Many women who have, or have had breast cancer, are interested in breast cancer life insurance approval. Breast cancer is the most common form of cancer diagnosed in women in the US. Each year, over 250,000 women in the United States will be diagnosed with breast cancer; over 40,000 a year will die from the disease.
Only lung cancer kills more women each year than breast cancer. More than 3.1 million women in the United States are cancer survivors.
What is breast cancer?
Breast cancer is caused by cells in the breast growing uncontrolled women’s breast tissue.
These cells usually form a lump or tumor in the breast that can be seen in an x-ray. If the tumor is malignant (cancer), the cells will grow and invade surrounding tissues in the breast. Tumors may metastasize (spread) to other parts of the body.
Breast cancer most frequently begins in the ducts that transport milk to the nipple (ductal cancer). Some cancers start in the glands that produce breastmilk (Lobular cancer). Other, less common, cancers are sarcomas and lymphomas that start in the tissues in the breast.
There is a lump in my breast; is it cancer?
Most lumps in the breast are benign and not cancerous. Noncancerous breast tumors do not spread outside the breast, are not life-threatening, and are merely abnormal growths. Some benign breast lumps are indicators of a woman’s increased risk of developing breast cancer.
All lumps in the breasts must be checked and tested by your physician to determine if it is benign or malignant.
How does breast cancer spread?
Breast cancer spreads when cancer cells get into your blood system or lymph system and are carried to other parts of your body.
If cancer cells spread into your lymph nodes, the chances are high that cancer cells have traveled throughout your lymph system and spread throughout your body (metastasized).
Once cancer has been found in your lymph nodes, the medical diagnosis is more serious, and more invasive medical actions, such as surgery, may be initiated.
Breast cancer treatment
Breast-cancer treatment will depend on your unique situation and where the tumor is located. It will also depend on the stage and the grade of the cancer tumor. Most women will receive some of the following medical treatments for breast cancer:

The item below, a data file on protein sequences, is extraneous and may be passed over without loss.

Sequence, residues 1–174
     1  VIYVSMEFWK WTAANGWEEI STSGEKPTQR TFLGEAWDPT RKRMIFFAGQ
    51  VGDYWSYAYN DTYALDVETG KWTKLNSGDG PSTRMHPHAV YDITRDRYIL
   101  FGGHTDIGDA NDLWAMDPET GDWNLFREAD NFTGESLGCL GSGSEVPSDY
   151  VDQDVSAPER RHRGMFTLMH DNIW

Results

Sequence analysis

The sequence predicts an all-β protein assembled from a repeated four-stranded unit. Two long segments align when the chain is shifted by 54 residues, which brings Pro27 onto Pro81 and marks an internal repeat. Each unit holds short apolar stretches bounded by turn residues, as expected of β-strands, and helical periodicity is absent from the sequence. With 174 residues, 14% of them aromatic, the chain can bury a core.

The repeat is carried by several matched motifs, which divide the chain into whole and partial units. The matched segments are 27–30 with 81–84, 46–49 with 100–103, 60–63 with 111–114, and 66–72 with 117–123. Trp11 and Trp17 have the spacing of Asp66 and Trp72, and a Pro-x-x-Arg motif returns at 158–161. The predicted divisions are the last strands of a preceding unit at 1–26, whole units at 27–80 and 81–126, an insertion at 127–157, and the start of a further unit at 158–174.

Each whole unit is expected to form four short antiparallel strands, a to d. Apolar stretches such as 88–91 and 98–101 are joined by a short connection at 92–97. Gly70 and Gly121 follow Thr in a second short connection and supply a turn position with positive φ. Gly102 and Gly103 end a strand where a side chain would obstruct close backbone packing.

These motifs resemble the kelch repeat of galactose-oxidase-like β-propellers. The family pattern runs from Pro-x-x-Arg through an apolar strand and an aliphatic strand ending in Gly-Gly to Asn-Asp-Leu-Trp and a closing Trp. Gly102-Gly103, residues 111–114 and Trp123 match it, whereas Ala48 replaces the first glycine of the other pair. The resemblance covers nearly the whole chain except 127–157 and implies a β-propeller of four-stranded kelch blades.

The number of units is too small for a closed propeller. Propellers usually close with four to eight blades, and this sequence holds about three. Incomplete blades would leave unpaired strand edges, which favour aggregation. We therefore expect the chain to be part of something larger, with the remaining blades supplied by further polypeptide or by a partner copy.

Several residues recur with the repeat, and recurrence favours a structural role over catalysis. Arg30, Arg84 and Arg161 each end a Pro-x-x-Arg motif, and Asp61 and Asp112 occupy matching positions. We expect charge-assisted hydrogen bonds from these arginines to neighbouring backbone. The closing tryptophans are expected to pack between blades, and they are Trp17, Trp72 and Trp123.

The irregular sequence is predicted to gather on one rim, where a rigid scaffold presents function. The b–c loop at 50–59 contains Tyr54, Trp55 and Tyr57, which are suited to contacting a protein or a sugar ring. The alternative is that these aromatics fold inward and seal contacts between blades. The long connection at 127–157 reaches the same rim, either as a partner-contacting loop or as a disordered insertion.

- Hormone therapy
- Surgery (mastectomy, lumpectomy, etc.)
What is the best way to prevent breast cancer?
Lifestyle choices – Diet, exercise, and other lifestyle behaviors will contribute to the development, or lack thereof, of cancer cells in your body.
Alcohol – Drinking alcohol has been shown to increase your risk of developing breast cancer. The more alcohol you drink, the more your risk of breast cancer increases.
Women who drink 2 to 3 drinks a day have a 20% higher risk compared to women who don’t drink alcohol. Consumption of excessive alcohol increases chances of other kinds of cancers.
Overweight – Being overweight or obese after menopause increases your chances of developing breast cancer. Having more fat tissue after menopause has been shown to raise estrogen levels, which leads to an increased chance of developing breast cancer.
Women who are overweight also have higher levels of blood insulin. Higher insulin levels have been shown to increase some forms of breast cancer.
Physical Inactivity – Routine physical activity has shown to reduce your breast-cancer risk (especially in women past menopause). Even 2 to 3 hours of physical activity each week has shown to reduce the chances of developing breast cancer.
Children – Women who have not had children, or had their first child after 30 years of age, have a slightly higher chance of developing breast cancer.
Birth Control – Most studies find that women who use oral contraceptives (birth control pills) have a slightly increased risk of breast cancer versus women who have never used birth control pills. After stopping the use of oral contraceptives, your increased risk of developing breast cancer subsides.
Will being diagnosed with breast cancer affect my life insurance eligibility?
Because any form of cancer is a serious medical concern, the insurance companies will review your cancer history and medical history before approving you for a life insurance policy.
Here are factors that would affect your life insurance eligibility:
- Diagnosis date
- Tumor size
- Stage in grade of cancer
- Lymph node involvement
- Tumor metastasis
- Medications and treatments
- Menopausal status
- Surgeries or other medical procedures
- Time since any medical treatments or surgeries
- Follow-up care with your doctor